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Molester asks for leniency; judge agrees to probation

Published Sep. 27, 2005

The mother of the two young victims says the Spring Hill man needs help, not prison. The boys say they forgive him.

A Spring Hill man convicted of molesting two boys hung his head in court Tuesday and asked the judge and his victims for mercy.

He got it.

"There isn't an excuse in the world for what he did. But I believe he needs help, and he's getting the help that he needs," said the boys' mother, whose name the St. Petersburg Times is withholding to protect their identities. "I don't believe prison is the right place for (him)."

At the request of the mother and the brothers, who say they forgive William M. Crowell Jr. for what he did, a judge sentenced the 34-year-old to 15 years of sexual offender probation and two years of community control. The sentence is a special deviation from the state guidelines that recommend Crowell, of 5327 Baldock Ave., spend the next 17 to 60 years in prison.

"You need to understand that this, according to law, is a huge break for you. Huge," Circuit Judge Richard Tombrink said to Crowell. "If something ever happens again, your life as you know it will be over because you will be in prison for many, many years."

In court Tuesday, Crowell admitted fondling the two brothers, who were 8 and 10 years old at the time, on four occasions in July and August 1999. He was found guilty of four counts of lewd and lascivious assault.

"I can't take it back, but I can make things right if you give me a second chance," Crowell told the court. "I expect to pay for what I've done."

His lawyer, Jimmy Brown of Brooksville, argued that Crowell deserved special sentencing because of mitigating factors he says prove his client is no longer a danger to society.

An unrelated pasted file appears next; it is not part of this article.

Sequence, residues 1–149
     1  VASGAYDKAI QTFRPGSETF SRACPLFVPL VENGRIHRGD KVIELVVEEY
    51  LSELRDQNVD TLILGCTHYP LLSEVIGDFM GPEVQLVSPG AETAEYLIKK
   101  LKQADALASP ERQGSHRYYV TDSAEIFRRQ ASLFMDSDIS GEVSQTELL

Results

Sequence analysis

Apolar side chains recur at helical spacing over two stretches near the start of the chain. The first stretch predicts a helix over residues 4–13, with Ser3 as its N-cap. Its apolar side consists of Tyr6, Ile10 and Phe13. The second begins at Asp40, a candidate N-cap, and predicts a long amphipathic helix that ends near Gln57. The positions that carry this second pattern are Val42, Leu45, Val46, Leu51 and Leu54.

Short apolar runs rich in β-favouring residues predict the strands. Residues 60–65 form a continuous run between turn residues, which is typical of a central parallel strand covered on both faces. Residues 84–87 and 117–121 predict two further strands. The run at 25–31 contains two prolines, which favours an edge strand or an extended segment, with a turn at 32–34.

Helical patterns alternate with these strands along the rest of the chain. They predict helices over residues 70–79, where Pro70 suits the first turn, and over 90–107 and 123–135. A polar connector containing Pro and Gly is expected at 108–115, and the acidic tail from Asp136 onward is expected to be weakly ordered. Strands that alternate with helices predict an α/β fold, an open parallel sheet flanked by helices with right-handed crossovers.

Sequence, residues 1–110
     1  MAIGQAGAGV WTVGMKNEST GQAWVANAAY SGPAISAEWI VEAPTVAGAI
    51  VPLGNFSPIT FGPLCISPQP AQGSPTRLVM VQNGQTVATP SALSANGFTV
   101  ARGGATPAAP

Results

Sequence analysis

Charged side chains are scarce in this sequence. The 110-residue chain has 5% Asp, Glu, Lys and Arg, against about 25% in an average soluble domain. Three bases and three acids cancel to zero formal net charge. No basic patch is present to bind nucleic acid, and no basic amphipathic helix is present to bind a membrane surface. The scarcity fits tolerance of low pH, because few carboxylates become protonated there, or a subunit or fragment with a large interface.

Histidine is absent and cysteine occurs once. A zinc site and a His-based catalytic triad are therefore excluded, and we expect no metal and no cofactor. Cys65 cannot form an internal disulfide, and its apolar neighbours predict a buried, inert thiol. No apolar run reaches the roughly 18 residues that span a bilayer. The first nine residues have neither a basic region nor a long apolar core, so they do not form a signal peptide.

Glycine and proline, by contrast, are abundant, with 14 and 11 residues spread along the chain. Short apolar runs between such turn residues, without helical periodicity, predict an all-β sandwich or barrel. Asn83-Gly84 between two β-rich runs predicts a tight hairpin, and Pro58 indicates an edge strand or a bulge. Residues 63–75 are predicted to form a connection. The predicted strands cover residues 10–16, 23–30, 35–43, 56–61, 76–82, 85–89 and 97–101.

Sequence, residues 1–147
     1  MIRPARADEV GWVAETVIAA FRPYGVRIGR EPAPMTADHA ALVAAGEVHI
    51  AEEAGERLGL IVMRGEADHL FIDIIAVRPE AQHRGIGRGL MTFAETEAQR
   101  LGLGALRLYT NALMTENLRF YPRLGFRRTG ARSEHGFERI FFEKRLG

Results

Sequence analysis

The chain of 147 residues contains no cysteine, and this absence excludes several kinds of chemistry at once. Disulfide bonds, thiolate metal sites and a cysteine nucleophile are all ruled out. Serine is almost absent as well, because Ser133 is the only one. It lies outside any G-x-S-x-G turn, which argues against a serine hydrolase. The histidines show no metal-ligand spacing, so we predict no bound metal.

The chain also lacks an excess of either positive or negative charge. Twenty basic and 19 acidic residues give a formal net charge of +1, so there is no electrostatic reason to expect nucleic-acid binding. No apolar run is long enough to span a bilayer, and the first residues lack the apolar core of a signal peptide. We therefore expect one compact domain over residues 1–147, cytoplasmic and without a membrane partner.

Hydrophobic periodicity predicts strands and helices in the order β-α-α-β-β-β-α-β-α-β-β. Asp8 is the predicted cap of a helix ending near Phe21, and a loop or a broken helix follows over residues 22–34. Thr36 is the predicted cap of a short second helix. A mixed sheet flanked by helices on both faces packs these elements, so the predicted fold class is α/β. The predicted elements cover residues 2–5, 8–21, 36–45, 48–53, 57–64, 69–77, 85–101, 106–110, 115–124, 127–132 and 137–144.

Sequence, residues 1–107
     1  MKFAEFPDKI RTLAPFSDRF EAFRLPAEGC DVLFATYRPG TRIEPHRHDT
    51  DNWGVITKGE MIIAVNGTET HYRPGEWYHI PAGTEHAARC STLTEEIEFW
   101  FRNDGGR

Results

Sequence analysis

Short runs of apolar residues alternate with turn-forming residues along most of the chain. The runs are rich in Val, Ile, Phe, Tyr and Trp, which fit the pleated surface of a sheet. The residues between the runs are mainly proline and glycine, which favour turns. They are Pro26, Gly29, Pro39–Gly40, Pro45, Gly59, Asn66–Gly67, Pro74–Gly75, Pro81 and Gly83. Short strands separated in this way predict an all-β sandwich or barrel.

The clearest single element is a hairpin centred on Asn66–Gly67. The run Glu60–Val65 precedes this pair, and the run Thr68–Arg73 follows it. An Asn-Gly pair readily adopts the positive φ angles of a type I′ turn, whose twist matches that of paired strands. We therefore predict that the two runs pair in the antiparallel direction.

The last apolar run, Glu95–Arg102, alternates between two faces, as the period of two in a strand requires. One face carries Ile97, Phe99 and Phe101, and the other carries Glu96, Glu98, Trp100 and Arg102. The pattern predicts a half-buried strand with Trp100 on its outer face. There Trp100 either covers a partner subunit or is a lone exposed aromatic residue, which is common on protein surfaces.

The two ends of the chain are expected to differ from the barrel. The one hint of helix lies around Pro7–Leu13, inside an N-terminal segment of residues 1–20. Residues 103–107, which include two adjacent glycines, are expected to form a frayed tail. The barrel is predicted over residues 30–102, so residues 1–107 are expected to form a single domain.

Among those factors are: Crowell came forward to Hernando County sheriff's deputies about the incident and cooperated with their investigation; he sought treatment for his "demons" prior to his arrest; both the victims and their mother said they did not want Crowell to go to prison, and his counselors say he has made significant progress and has started to deal with abuse he suffered as a child at the hands of a minister, Brown said.

According to a relatively new state law, judges can deviate from state guidelines if certain conditions are met. The change applies to crimes committed after Oct. 3, 1999, Brown said.

Prosecutor Nicole Klapka, while acknowledging this change in law, argued that Crowell does not deserve to be the exception to the rule. She said the fact that Crowell originally told his victims not to tell anyone about what happened showed that he intended to try to hide the crime.

She added that the victims' mother may have been pressured into asking that Crowell receive no prison time because he has offerred to set up a college trust fund for her sons, to which he will pay $100 each month until they are 18. If Crowell was in prison and not working, that would be impossible, she said.

"That is a big pressure for a mother who has no money," the prosecutor said. "That's a strong incentive to say, "Yeah, give him a break.' "

In the end, Tombrink sided with the defense but left Crowell with a stern warning that he would land back in prison if he violates any aspect of his probation.

Crowell, who thanked God for the sentence, vowed to do his best.

"I won't let (the judge) down," he said, standing outside the courthouse with his wife and lawyer.